Often, The Best Is Yet To Come

Would you shy away from stocks that more than doubled in the past year or less? Consider what happened with these stocks:

From the start of 1999 to August 1999, Qualcomm surged more than 500%, to $39. But the stock didn't let up, finishing the year at $176 -- a gain of 351% since August.

Jabil Circuit had grown from $11 to $27 in about nine months ending in May 1997, when it surged another 189% over the next five months.

In a good market, opportunities such as these, which start with new price highs, will surface every two or three weeks. In fact, if you ignore this simple rule, you would miss out on just about every major winning stock.

However, there can be such a thing as an "overextended" stock: one that truly has gone up too much, too fast and is likely headed down. As a rule, don't buy any stock that has risen more than 5% past its buy point. In a nutshell, the buy point is the price after a stock clears the highest point in its basing formation. Basing formations are periods of price consolidation when a stock moves more or less sideways for a number of weeks after earlier advances. The buy point and basing formations are explained in the stock charts lesson.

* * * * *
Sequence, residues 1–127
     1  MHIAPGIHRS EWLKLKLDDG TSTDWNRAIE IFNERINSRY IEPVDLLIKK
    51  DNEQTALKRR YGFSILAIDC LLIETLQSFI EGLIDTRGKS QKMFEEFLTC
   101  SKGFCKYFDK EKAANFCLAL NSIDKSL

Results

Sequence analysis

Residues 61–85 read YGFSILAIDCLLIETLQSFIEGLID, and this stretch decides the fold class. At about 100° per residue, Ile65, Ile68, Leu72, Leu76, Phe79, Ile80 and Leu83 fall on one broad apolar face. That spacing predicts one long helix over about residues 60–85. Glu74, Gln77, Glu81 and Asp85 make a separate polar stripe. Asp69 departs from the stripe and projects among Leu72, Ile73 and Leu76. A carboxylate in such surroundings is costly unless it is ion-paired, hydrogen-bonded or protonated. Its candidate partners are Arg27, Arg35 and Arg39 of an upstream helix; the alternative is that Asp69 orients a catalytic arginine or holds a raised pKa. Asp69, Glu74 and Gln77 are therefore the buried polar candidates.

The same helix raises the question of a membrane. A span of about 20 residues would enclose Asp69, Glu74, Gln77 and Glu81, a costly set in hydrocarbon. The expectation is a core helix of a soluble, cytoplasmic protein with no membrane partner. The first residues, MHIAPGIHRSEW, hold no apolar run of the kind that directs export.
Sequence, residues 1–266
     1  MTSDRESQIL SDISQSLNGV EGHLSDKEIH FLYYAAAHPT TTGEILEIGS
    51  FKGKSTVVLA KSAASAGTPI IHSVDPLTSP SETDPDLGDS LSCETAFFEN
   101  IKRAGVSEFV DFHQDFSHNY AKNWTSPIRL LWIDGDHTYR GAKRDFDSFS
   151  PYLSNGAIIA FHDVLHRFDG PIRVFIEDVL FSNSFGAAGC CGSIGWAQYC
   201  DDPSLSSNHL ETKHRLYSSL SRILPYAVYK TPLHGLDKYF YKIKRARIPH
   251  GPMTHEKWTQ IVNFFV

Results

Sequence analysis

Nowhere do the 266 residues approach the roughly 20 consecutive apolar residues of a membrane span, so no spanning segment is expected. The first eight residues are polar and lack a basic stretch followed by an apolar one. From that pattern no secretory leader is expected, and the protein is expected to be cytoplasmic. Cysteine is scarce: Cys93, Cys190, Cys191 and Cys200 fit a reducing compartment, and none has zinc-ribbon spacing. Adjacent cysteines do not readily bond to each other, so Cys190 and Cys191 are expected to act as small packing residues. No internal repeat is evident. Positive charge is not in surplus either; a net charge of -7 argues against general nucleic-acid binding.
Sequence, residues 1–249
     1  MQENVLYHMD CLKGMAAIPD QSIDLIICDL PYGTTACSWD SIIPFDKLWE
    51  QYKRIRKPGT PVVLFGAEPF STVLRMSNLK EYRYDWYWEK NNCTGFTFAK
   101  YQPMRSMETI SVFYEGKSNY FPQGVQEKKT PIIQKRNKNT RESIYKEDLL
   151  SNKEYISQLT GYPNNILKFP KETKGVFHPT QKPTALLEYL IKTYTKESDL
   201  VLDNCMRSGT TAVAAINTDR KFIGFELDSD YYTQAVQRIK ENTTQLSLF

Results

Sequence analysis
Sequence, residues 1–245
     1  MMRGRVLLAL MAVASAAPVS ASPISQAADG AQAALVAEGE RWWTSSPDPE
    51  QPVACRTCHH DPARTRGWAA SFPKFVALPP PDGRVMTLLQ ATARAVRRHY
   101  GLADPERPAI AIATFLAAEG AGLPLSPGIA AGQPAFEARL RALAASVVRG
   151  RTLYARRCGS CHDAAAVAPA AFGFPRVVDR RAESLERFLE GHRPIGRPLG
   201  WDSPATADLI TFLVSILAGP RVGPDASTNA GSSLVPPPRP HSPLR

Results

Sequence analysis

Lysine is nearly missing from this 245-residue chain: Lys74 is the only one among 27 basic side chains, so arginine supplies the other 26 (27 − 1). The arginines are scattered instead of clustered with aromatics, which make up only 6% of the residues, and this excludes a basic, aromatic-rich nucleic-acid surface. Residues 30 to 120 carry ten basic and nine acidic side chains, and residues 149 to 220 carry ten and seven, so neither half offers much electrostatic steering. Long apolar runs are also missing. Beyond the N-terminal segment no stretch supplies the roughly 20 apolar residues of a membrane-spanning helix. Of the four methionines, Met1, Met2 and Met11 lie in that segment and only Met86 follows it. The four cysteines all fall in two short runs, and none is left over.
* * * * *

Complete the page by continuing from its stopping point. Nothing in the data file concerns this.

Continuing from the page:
Avoid Cheap Stocks

Perhaps you're one of those investors who think they'll hit the jackpot buying a low-priced stock that goes on to make huge gains. Some investors equate cheap stocks with better value or low risk. If a stock costs just $5 a share, then you can't lose a whole lot, right? Wrong. The truth is that trying to consistently make money with cheap stocks is difficult, at best. Think of a stock's price as a measure of its quality and, consequently, its potential. Stocks selling at $10 or less have a much smaller chance of making major advances, because they're usually companies lacking good performance records. Also, professional investors shun low-priced stocks because they tend to be lightly traded, making it harder to move in and out of such stocks.

A study of the best stocks of 1996-97 found that, on average, they made their big jumps when trading at about $25 a share. Only three of the 120 top stocks were trading at less than $10 a share in that period.